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Sam Maloof doesn’t look like the kind of person you’d expect to see at an art opening. The 85-year-old master craftsman scrutinizes the array of his polished hardwood furniture at the Smithsonian American Art Museum through un-fashionable horn-rimmed glasses that swallow his face. He has mechanic’s hands: a gash on his thumb has not healed and the tips of several fingers are missing—he, after all, wields a band saw, not a paintbrush.

Yet the art community recognizes this self-taught woodworker as America’s most renowned contemporary furniture craftsman, an artist one writer called "the Hemingway of hardwood." Examples of Maloof’s chairs, settees and tables grace America’s finest museums, including the Met in New York, Boston’s Museum of Fine Arts and the Los Angeles County Museum of Art. Maloof pieces auctioned at Sotheby’s and Christie’s in New York fetched ten times their original price. He remains one of only a few furniture designers and craftsmen who make their living working full-time with their hands. His elegant rocking chairs with their fluid, sculptural lines now command $20,000 or more and are owned by Presidents Reagan, Carter and Clinton.

Those who can’t afford a Maloof—as well as those who can—now have a rare opportunity to see 65 originals up close. The first ever retrospective of his half-century career will remain at Washington, D.C. through January 20, 2002.

Near the entrance to the show is the sleek maple-and-leather chair Maloof made for industrial designer Henry Dreyfuss in 1952, from the commission that enabled him to quit his job as a graphic designer and turn his hand to furniture. With its pipe-cleaner-thin legs and arms, the chair seems to float in space.

The collection allows visitors to follow the evolution of Maloof’s style: right-angled joints in his earlier rocking chairs became increasingly rounded; seats, arms and backs now flow into one another. Out of smooth expanses of wood arise clean ridges and hard lines.

Pictures simply can’t convey the power of his artistry, curator Jeremy Adamson writes in the exhibition catalog. "Maloof chairs silently cry out to be touched."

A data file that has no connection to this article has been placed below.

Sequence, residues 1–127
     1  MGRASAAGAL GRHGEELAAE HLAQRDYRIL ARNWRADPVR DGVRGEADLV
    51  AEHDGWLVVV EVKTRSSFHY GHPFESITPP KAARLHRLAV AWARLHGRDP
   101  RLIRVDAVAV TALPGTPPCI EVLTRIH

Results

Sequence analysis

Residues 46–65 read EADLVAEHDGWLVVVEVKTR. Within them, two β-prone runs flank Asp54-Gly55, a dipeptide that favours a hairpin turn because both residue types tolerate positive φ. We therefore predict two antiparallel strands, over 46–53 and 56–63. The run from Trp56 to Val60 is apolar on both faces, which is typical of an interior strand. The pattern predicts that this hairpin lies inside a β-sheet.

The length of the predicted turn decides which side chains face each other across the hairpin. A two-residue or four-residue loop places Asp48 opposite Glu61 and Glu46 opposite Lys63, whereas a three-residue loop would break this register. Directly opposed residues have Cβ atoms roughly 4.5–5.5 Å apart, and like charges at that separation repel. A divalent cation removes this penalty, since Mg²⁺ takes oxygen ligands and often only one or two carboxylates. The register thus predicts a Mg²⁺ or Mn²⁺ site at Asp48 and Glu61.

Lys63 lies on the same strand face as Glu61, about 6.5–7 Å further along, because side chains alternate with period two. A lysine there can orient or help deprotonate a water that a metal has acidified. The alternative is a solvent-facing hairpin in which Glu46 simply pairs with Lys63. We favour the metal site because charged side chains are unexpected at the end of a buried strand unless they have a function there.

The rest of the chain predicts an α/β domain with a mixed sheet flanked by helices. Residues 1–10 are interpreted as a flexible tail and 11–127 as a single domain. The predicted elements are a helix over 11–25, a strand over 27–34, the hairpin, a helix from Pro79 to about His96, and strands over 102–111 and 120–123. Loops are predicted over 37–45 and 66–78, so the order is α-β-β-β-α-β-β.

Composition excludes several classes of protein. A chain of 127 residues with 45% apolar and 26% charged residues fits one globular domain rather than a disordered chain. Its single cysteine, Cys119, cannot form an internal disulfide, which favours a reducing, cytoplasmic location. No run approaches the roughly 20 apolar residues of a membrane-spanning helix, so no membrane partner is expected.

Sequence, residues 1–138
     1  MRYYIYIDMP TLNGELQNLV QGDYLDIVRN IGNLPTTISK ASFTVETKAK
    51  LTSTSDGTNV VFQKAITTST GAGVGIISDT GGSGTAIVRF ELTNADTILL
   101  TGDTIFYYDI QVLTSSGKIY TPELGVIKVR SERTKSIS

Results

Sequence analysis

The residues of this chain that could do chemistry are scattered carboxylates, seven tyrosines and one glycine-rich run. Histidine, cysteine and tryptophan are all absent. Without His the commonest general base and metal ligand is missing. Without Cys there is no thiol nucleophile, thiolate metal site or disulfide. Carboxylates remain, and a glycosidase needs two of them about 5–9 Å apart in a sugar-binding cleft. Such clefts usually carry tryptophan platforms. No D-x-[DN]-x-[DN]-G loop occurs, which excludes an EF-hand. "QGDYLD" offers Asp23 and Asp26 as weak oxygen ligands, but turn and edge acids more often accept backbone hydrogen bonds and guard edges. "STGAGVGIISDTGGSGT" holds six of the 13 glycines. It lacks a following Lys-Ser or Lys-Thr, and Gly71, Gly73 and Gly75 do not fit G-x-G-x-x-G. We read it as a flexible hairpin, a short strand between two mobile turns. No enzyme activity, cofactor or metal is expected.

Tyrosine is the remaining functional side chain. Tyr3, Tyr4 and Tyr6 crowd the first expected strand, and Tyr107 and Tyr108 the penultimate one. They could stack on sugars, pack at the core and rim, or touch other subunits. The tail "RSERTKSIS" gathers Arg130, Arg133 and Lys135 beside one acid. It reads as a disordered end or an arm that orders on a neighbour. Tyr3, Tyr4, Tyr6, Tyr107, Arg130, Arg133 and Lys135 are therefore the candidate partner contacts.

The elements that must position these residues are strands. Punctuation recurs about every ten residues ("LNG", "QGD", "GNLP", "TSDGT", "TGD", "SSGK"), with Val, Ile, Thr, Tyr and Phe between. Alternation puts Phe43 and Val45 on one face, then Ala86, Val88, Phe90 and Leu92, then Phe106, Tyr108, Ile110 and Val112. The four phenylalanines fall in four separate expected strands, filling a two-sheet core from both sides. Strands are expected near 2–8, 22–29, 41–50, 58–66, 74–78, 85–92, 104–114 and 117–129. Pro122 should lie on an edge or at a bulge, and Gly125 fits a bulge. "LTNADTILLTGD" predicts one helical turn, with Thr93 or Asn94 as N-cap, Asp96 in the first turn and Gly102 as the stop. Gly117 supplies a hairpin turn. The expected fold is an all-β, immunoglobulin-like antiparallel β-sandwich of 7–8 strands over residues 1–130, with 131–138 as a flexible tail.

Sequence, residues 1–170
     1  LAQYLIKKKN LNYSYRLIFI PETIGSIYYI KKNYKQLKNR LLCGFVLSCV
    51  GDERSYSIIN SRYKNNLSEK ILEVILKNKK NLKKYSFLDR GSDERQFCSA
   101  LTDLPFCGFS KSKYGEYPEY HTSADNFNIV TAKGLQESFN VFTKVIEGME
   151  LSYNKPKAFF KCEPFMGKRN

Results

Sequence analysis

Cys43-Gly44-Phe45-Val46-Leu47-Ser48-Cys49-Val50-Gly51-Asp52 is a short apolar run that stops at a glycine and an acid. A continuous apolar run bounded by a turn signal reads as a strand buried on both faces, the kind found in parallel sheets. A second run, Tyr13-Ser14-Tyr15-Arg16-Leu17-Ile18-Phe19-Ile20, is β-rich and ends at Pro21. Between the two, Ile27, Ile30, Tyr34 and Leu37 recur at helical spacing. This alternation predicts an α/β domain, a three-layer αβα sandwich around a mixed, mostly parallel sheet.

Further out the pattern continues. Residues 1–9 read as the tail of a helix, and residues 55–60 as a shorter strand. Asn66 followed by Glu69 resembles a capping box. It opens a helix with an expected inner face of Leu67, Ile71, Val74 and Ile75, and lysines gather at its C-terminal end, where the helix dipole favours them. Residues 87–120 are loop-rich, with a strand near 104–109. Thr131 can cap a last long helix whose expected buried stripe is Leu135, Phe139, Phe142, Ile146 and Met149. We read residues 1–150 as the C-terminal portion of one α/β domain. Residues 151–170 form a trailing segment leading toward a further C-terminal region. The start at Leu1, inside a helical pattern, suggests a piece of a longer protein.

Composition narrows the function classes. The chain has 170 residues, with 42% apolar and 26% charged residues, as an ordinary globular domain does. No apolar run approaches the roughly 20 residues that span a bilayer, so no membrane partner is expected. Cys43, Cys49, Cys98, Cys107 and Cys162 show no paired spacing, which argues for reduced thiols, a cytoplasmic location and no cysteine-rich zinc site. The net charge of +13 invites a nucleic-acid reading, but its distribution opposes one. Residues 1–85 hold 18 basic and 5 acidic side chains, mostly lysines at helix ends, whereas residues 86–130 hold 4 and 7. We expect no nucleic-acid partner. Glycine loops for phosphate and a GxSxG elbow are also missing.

As artful as the furniture is, Maloof maintains a balance between beauty and comfort. "I want people to sit on my chairs," he says. To that end, a maple armchair with a roomy sculpted seat has been put aside for visitors to try out.

On a platform sits a trio of his famous rocking chairs, bearing tapered ski-length runners so finely turned that a nudge sends them gently rocking for more than four minutes. One rocker in the exhibition remains unfinished, its rough pieces clearly revealing Maloof’s signature flat spindles, which mimic the curvature of the spine. The son of Lebanese immigrants, Maloof served in the Army during World War II. After the war, he discovered his woodworking talent when he made a suite of furniture from scavenged plywood to fill the modest California tract house he shared with his wife and mother-in-law. Fifty years on, another home that he built room by room (a total of 22) in a lemon grove in Alta Loma, California, will soon be added to the National Register of Historic Places.

As the hands-on artist surveys the exhibition, he spots a deep-grained walnut cabinet. "This right here seems rough," he says, running a palm over the door. "Do we have any steel wool?"

—Tom Dunkel

Saving Asian Art
With seaweed, glue and bamboo

When Andrew Hare began his ten-year conservator training at Kyoto’s famed Usami Shokakudo Studio in 1990, he spent weeks observing masters restoring East Asian paintings before he graduated to sweeping the floor. "You’re never an individual but part of a group," Hare says.

As one of only three Westerners to complete the Usami apprenticeship, Hare, 38, now brings this cooperative spirit and his uncommon expertise to the delicate process of restoring artworks at the Smithsonian’s Sackler and Freer galleries, where he is the supervisory conservator of East Asian paintings. His staff includes specialists from Japan, China, France and the United States, as well as scientists who study art at microscopic levels.

"We’re very fortunate to have people trained in different traditional conservation methods," says Hare, who earned degrees in chemistry and East Asian culture at Oberlin College in Ohio. "We’re always learning from each other."